In The Washington Post, D.C. doyenne Sally Quinn speculates on Donald Rumsfeld's future and pretty much makes it official:
Vice President Cheney is not eager to replace him. And he would never fire Rumsfeld, who was his mentor and who hired him for three government jobs during the Ford administration, including as his deputy when Rumsfeld was chief of staff. (In fact, Cheney's Secret Service code name was "Back Seat.") In any event, Cheney is low-profile, secretive, nonconfrontational -- and presumably too experienced to allow himself to be easily made the scapegoat.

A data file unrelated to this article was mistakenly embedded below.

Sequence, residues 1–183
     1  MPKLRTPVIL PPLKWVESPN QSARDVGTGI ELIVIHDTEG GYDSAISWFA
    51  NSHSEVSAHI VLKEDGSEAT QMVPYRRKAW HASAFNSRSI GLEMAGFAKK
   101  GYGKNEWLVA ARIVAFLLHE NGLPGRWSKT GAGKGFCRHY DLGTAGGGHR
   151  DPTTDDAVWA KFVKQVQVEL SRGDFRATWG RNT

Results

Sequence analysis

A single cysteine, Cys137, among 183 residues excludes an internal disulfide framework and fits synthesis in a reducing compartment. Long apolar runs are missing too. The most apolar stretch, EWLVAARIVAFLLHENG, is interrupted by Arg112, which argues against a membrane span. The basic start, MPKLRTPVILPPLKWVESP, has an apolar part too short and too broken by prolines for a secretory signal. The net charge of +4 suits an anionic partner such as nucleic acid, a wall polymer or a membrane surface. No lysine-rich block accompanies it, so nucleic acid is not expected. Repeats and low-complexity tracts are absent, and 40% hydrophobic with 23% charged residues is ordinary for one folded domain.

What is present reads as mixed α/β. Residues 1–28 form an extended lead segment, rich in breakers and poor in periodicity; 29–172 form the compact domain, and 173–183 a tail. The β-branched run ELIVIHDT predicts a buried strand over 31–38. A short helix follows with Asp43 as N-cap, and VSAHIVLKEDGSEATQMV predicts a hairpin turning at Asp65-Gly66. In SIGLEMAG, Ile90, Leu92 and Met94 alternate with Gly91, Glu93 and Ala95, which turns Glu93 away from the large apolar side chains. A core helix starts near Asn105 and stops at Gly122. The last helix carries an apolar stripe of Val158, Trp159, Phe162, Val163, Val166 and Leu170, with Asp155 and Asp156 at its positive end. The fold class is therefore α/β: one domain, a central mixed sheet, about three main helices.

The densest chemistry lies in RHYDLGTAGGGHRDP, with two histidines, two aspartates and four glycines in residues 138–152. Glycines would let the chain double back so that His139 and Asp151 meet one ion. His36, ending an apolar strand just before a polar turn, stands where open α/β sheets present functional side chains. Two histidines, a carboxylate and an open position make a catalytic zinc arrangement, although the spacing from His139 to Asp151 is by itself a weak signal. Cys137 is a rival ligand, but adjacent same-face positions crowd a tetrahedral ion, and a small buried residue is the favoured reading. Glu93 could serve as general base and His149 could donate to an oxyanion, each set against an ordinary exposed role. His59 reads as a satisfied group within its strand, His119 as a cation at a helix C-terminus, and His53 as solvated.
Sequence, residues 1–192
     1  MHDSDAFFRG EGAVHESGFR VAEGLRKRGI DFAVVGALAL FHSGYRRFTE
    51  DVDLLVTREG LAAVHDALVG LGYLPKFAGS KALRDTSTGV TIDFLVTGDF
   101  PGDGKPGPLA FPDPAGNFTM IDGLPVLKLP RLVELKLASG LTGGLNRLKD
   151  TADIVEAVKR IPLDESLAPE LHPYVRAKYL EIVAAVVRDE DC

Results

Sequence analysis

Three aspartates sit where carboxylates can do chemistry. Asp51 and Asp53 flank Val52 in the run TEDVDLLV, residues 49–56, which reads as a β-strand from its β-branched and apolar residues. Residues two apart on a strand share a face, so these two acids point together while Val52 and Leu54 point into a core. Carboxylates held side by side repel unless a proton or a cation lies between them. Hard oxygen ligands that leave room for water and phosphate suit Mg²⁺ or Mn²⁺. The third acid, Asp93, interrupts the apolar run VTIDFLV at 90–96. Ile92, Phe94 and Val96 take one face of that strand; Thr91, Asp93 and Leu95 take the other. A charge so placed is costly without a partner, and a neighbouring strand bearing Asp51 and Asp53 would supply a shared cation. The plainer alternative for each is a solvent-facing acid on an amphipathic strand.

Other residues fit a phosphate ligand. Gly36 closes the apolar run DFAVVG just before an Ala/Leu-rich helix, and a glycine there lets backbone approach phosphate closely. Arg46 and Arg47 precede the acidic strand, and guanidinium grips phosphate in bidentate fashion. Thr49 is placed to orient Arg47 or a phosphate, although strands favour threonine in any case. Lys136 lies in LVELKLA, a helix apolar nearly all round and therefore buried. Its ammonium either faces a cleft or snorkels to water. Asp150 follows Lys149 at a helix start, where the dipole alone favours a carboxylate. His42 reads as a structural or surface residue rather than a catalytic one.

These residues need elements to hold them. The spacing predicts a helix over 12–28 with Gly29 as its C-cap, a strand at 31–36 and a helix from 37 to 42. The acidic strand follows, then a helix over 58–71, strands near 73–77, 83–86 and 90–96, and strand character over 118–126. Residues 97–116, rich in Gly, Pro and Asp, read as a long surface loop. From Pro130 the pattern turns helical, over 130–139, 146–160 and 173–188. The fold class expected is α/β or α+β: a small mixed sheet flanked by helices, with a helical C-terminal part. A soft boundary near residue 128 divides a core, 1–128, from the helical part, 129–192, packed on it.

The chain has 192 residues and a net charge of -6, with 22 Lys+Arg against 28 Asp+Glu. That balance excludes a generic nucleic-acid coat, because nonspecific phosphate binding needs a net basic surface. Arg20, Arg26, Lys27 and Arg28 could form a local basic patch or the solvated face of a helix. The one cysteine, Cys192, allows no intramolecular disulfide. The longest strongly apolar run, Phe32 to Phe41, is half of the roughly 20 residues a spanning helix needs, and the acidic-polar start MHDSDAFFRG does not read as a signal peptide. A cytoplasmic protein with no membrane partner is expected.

"And he would never fire Rumsfeld." I keep reading that over, sure that the caffeine just hasn't kicked in yet and when I read it again it'll be clear that Quinn means that Cheney, if he were in a position to make the decision, would never do this. But I can't find any evidence for that reading in Quinn's words.
To be fair, I should note that Quinn says this after saying, "Until now George W. Bush has resisted all of the pressure to get rid of his defense secretary." So she does believe that firing Rumsfeld would, in fact, be the president's job. But she also thinks it's Cheney's job -- perhaps his more than his (ostensible) boss's.
Not that we didn't know this.
(Quinn, by the way, thinks Rummy won't be fired after the mideterms, but "will resign to take a job in some sort of humanitarian venture." Whatever you say, Sally. Me, I think Rummy'll stay unless they need to pull Lieberman out of the Senate to regain a GOP majority.)